Once again we did not compromise and discussed with the parents and explained to them why we do all these and what positive benefit it could have for their children. Slowly the resistance to this has become less. Yet in the minds of the children there is a feeling that manual skills are not what they come to school to learn. As other schools do not have that then why should they have it?

In relation to this about three years ago we had identified certain students who were academically very weak, and we felt did not have the capacity to prepare for the matriculation exam and that we would be forcing them to learn certain subjects like physics, chemistry, biology, zoology and maths at a high level, as they were not really interested to study these.

We invited these students to stay in the school but follow a different scheme of education where they could learn things that they really wanted to learn and also master some manual skills so that they could prepare themselves for their future working life. Six students were invited to join this course. They joined reluctantly. The parents opposed the scheme vehemently but accepted only when faced with the alternative that their child would have to leave the school as their child had been regularly failing to secure pass-marks in the examinations. These six students found themselves stigmatised in the school and the other students considered them dull and they themselves started to think of themselves as inferior. This program had to be dropped under the cumulative pressure of these mindsets.

Values of the school

It became clear to us that we had to deal with the mindset of students who were affected by their environment and believed that education is all about passing examinations and ultimately getting a certificate which allows you to take up the next examination and getting the next certificate which will enable you to get a good job. It has taken us a long time – and we cannot say that we are fully successful in our endeavour – to change the mindset. In the school environment we introduced the idea that there is a value in many things apart from doing well in examinations. The idea that different students were good at different things like games, athletics, gymnastics, clay, tailoring, or carpentry or that there are students who have a spirit of adventure or are good in music, dance, painting or theatre has been fostered in our school environment by giving a good amount of time to these activities and properly honoring the achievements in all these areas. Slowly the children are experiencing another meaning of learning and going to school. They experience learning as joyful and as making some progress in themselves. They learn the art of concentration and the need to making effort and persevere to progress. They begin to have a relationship of trust and friendship with their teachers.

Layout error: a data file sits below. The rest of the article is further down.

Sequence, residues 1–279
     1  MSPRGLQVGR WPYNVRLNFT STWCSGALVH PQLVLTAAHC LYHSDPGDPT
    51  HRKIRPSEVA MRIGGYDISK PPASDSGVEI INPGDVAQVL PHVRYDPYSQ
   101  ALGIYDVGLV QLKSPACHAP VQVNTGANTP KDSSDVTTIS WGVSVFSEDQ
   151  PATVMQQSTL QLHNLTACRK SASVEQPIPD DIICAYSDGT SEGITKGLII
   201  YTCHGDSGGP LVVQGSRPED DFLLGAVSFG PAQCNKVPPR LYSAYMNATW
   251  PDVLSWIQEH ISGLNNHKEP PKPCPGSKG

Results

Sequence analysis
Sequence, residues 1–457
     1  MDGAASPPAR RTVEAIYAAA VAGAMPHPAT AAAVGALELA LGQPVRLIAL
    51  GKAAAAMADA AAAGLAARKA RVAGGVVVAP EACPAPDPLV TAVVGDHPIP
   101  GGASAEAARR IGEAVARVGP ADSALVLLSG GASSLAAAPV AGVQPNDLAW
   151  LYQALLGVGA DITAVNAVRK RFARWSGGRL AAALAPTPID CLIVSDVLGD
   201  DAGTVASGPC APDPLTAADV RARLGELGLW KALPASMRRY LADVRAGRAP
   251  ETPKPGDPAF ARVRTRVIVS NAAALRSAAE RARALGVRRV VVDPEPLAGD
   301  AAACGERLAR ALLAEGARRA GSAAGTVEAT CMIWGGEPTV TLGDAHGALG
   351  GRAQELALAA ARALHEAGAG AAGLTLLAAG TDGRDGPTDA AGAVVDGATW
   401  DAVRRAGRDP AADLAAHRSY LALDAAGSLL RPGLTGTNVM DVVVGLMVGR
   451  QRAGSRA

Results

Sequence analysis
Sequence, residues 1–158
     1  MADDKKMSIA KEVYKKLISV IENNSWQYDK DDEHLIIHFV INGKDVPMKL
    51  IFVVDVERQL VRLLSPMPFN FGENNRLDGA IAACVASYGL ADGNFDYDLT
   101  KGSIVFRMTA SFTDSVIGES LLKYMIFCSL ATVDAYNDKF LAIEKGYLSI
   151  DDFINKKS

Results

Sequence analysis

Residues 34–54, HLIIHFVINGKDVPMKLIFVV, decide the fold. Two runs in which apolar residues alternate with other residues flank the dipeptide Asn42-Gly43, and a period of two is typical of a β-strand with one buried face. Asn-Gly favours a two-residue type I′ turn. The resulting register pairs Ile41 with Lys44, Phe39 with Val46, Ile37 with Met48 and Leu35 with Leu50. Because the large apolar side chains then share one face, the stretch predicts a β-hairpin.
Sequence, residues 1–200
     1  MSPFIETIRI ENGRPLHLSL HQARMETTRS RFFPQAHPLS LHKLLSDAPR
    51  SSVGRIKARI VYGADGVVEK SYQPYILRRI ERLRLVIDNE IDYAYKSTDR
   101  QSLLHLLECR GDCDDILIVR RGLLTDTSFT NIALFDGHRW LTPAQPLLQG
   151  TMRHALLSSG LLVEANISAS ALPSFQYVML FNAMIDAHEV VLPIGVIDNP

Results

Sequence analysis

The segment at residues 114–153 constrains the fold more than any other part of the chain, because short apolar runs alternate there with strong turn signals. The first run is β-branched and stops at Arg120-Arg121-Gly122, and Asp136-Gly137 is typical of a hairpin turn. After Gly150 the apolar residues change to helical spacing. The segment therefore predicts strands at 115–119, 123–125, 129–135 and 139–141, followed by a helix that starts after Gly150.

They understand now that the school is meant for them and that it is not possible to live and work here without a basic collective discipline. What follows from this understanding is a self-discipline from the students and almost no necessity of teachers' supervision. This has come as a great relief as the school campus is very large and to supervise every corner of it is next to impossible.